Alluvial diamond mining is known as a hit-and-miss, up-and-down business on which grade prediction is elusive, if not impossible.
But tools have been developed that allow alluvial miners to achieve a semblance of grade prediction.
Four geological metrics are modelled on mining faces and the use of these enablers is allowing the TSX- and JSE-listed Rockwell Diamonds to exceed its carat targets consistently.
With performance at Rockwell’s operations continuing to improve and legacy issues being gradually whittled away, hopes are rising that the alluvial diamond miner will enter a sustained phase of profitable steady state from the latter part of 2012.
The company’s quarter-on-quarter carat output was up in the latest quarter, even after the closure of the Holpan mine, and the need now is for the continually strengthening performance to drop down to the income statement.
While a paper-thin gross third-quarter profit of C$0.6-million was achieved in the latest quarter, the books reflect a $2.1-million loss, caused mainly by the full capitalisation impact of the Tirisano project being absorbed on ramp-up and the vagaries of modern-day exchange rate volatility.
As Rockwell looks to average diamond values continuing above $800/ct, growth options are looming large on the horizon, which embrace the possible development of either Wouterspan, Nuwejaarskraal or Saxendrift Extension, or a doubling of Tirisano.
“Those four present a wealth of opportunity for a tiny company like Rockwell,” CEO James Campbell tells Mining Weekly.
The best of the four will be presented to the board for go-ahead, with much depending on the success of the bulk X-ray machine, which will form the cornerstone of the feasibility studies for Wouterspan and Nuwejaarskraal, which are currently based mainly on large-scale pan plant technology.
The machine has arrived in South Africa for installation at Saxendrift and is expected to bring in lower operating, power, water and labour costs, with increased recovery and security.
The chosen project will be financed internally or by going to the market.
Expanding Wouterspan and Nuwejaarskraal will require significant capital and Rockwell wants to demonstrate more consistent performance before going to the market for large sums.
“We’re very mindful that Rockwell shareholders have been through a very tough time and I am reluctant to dilute them further just to expand the company,” Campbell confides to Mining Weekly.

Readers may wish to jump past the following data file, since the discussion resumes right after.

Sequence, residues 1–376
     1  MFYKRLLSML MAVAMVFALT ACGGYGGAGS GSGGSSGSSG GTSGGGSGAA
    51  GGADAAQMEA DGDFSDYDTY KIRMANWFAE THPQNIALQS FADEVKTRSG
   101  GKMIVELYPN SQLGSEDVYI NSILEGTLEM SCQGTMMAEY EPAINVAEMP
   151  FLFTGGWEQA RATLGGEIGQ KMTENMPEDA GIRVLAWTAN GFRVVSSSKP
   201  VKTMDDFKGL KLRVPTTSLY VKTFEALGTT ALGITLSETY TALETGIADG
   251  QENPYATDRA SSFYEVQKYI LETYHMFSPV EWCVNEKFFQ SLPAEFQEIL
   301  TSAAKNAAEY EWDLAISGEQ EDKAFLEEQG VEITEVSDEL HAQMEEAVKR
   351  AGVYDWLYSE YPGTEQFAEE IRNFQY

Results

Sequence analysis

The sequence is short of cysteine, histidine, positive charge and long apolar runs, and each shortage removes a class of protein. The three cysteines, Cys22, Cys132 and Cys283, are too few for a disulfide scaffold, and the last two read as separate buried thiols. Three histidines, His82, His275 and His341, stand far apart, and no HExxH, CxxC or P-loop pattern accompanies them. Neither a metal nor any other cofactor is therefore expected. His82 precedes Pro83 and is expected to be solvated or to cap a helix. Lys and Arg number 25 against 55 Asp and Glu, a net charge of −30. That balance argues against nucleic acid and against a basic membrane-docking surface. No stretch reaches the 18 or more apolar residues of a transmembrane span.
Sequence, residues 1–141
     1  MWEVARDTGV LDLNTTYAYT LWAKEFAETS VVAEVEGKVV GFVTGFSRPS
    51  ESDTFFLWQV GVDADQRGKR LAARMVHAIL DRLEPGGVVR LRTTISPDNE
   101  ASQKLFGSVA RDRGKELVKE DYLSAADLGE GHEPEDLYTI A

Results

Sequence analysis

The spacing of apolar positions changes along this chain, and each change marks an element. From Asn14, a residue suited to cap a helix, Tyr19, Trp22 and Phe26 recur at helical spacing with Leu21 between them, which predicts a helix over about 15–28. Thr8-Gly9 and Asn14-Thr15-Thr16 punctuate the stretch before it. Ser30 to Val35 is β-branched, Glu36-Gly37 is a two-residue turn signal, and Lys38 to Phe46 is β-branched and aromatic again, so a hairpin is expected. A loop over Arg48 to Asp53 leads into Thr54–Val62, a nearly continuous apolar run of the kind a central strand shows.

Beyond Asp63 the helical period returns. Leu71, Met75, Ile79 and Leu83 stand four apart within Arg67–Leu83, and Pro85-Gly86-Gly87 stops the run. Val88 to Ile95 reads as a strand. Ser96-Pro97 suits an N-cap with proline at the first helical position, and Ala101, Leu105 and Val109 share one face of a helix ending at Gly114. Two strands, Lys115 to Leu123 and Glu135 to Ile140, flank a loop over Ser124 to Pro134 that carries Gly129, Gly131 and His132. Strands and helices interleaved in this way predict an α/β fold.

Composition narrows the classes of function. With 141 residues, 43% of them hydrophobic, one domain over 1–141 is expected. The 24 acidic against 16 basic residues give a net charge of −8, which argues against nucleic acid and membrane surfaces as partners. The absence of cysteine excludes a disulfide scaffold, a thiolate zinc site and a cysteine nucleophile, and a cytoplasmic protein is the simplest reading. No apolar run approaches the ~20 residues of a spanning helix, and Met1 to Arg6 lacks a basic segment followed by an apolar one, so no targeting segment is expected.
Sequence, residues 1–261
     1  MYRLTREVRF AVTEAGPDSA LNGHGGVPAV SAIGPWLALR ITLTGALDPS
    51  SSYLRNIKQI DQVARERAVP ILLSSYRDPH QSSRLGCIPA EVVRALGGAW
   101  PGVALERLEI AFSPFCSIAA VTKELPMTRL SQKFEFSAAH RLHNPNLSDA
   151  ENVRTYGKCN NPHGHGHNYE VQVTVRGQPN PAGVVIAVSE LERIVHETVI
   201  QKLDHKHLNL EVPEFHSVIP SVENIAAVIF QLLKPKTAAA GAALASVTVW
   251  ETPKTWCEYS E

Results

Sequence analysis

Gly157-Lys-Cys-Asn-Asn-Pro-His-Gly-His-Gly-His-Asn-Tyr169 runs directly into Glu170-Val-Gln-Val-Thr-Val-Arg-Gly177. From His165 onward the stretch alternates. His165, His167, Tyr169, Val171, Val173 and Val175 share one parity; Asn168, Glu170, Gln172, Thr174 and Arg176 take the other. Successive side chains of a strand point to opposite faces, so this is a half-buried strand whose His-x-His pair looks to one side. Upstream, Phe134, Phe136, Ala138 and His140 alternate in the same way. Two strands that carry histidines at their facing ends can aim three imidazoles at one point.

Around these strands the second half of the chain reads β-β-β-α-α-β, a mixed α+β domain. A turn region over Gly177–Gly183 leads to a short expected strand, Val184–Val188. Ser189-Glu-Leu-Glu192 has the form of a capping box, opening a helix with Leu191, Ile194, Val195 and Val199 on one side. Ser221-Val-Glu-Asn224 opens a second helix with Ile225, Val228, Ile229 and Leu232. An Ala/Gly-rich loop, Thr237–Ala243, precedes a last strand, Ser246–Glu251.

Wouterspan’s six mining and prospecting rights have been consolidated, providing significant upside to extend the mining potential of the property.
Tender sales in the latest quarter totalled C$6-million and the beneficiation profit share arrangement with the Steinmetz group added another C$2.3-million ($734 000 last year), taking overall diamond revenue to C$8.3-million in the three months to November 30.
The C$1.2-million one-off Midamines legal settlement takes known legacy issues out of the way and payment by black economic-empowerment (BEE) partner African Vanguard Resources for 26% of the Middle Orange River properties would add R50-million plus interest to the balance sheet.
There are no issues with the Mogopa community BEE at Tirisano, which obtained finance from the State-owned Industrial Development Corporation to fund its R26-million preferential-share-based investment in the Ventersdorp operation.
At Saxendrift, the new in-field screen has resulted in budgeted volume throughputs being exceeded.
The new screen is designed to ensure that the mine can achieve more than 130 000 m3 of head feed a month.
Owing to Saxendrift’s bottom cutoff being increased since early December to 5 mm, Campbell anticipates that the operation will yield above the current $2 000/ct level.
Klipdam suffered a Q3 dollar-per-carat deterioration, not as a result of a softer market, but because of poorer-quality stones.
It is expected to improve towards the budgeted $1 000/ct diamond values as grade and carat recovery rise.
Mining costs at Klipdam, a mine coming to the end of its natural life, are down 20% and the focus will be on increasing the dollar-per-carat level at the same grade and the same lower mining cost.
With Tirisano under new operational management, the bridal diamond resource is expected to hit its budget from March.
A total of 5 334 ct was produced in the latest quarter at the three operations and 5 376 ct was sold at an average price of $1 109/ct.
While Rockwell has recorded a C$2-million third-quarter loss, its comprehensive loss is C$10.7-million.
“This is entirely an accounting artefact of the exchange-rate differences,” Campbell explains.
Last year was the exact opposite when, in the corresponding three months to November 30, a $9.5-million positive exchange-rate difference enabled the com- pany to end up with an $8.7-million profit, despite suffering a loss for the period.
Edited by: Martin Zhuwakinyu
Creamer Media Senior Deputy Editor
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